Director Jack Couffer, or somebody, has applied a gentle, low-keyed approach to this story that brings out the charm in both the players and the beautiful Scottish coast.  We see lots of pleasant faces, of kids and adults charmed by Mij, of town gossips and canny fish-peddlers; Ring of Bright Water neither judges them nor gives them 'dramatic' roles to play.  An obvious romance exists between Travers and McKenna, an affection that also arises naturally.  Cameraman Wolfgang Suschitsky (Get Carter) has filmed some amazingly candid otter footage, a lot of which looks looks as though it was very difficult to capture.  The show never degenerates to 'home movie' grab-shots of the fast-moving, unpredictable animal.  The director in fact comes up with a number of subtle touches, such as showing a large spider's web, just as we're concerned about Mij being caught elsewhere in a fisherman's net.

Finally, Ring of Bright Water presents a reasonably realistic world neither too violent (Namu, the Killer Whale) nor too sweet for credibility.  Mij doesn't rescue any lost children or have any secret powers of understanding.  He gets hungry.  He's too domesticated to survive on his own when an oily femme otter seduces him away from his cozy home.  Actually, since all otters are substantially oily, that's an unfair remark, and Savant retracts it.  Mij's survival skills don't include the knowledge that an ordinary human stranger might consider him vermin to be exterminated.  When accidents do happen, they have to be accepted as part of living ... this Mij can't 'phone home' and dodge the consequences of reality, as seems to be the real message of so much of Children's Entertainment.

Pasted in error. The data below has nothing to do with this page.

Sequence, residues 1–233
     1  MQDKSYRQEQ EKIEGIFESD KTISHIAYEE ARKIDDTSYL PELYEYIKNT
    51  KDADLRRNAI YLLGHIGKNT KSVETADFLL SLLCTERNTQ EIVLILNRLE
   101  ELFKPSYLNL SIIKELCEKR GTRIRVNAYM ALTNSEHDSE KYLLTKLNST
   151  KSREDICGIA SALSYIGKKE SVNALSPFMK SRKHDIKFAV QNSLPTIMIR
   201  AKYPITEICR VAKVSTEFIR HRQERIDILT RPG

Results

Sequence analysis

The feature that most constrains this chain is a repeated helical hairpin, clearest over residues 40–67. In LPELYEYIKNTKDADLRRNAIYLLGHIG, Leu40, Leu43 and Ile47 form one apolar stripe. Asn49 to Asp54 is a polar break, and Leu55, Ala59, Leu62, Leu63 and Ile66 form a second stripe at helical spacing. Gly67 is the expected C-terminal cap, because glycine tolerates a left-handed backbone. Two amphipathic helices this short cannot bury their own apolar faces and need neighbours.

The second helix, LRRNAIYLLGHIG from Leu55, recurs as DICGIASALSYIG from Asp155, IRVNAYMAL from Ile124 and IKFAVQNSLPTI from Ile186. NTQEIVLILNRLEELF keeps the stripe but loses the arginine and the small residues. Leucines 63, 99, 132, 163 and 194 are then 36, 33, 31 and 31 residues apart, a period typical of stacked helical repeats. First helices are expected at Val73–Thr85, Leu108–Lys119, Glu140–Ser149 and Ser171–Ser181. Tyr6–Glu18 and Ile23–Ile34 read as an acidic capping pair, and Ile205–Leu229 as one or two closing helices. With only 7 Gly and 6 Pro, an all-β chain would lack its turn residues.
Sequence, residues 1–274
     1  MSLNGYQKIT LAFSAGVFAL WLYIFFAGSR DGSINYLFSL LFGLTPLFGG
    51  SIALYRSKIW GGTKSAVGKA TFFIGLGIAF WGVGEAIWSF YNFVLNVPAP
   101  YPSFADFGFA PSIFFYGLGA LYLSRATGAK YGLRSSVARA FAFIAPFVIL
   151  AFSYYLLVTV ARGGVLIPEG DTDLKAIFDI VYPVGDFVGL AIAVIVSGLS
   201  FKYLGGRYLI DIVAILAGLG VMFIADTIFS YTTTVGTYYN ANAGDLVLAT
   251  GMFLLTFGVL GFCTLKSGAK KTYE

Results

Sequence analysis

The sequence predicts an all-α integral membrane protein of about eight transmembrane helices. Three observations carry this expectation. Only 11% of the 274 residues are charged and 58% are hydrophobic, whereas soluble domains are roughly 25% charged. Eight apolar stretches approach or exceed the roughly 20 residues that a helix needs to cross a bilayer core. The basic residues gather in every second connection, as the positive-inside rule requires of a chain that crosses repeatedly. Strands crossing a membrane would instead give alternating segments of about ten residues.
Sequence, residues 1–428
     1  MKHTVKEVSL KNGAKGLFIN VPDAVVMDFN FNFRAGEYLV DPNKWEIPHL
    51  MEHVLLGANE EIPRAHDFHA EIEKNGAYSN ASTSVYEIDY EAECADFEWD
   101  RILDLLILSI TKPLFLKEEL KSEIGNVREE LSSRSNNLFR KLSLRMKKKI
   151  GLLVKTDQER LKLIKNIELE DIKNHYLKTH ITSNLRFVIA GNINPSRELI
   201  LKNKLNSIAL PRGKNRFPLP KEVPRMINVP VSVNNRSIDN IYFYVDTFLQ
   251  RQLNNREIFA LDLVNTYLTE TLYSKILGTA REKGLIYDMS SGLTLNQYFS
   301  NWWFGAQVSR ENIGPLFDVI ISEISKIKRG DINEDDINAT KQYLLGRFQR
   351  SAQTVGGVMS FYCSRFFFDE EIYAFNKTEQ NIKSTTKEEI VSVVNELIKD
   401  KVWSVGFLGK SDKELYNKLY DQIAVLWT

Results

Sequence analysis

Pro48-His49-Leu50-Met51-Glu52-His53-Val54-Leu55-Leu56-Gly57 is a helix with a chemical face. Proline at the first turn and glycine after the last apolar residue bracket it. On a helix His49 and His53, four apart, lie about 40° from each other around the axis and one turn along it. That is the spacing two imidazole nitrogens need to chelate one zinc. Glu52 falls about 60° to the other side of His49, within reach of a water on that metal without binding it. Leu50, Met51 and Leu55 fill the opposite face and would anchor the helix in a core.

Anchor Bay's DVD of Ring of Bright Water has the kind of quality we're coming to expect from that label.  The sound is clear, and widescreen-enhancement presents the scenery and wildlife with a bright and vivid picture.  If only the major studios would give their libraries the kind of attention afforded these 'unaffiliated' movies!  The only extra is a trailer that drearily tries to sell the movie as a comedy Born Free.  The coming attraction's grim quality makes appreciating the main feature even easier.

Ring of Bright Water charmingly presents some very pleasant people and animals in a beautiful landscape, and lets all three act naturally.  Unassuming, mildly humorous and winningly sincere, it's one of the best movies of its kind to date.

On a scale of Excellent, Good, Fair, and Poor, Ring of Bright Water rates:
Movie: Excellent
Video: Excellent
Sound: Excellent
Supplements: trailer
Packaging: Alpha case
Reviewed: January 21, 2001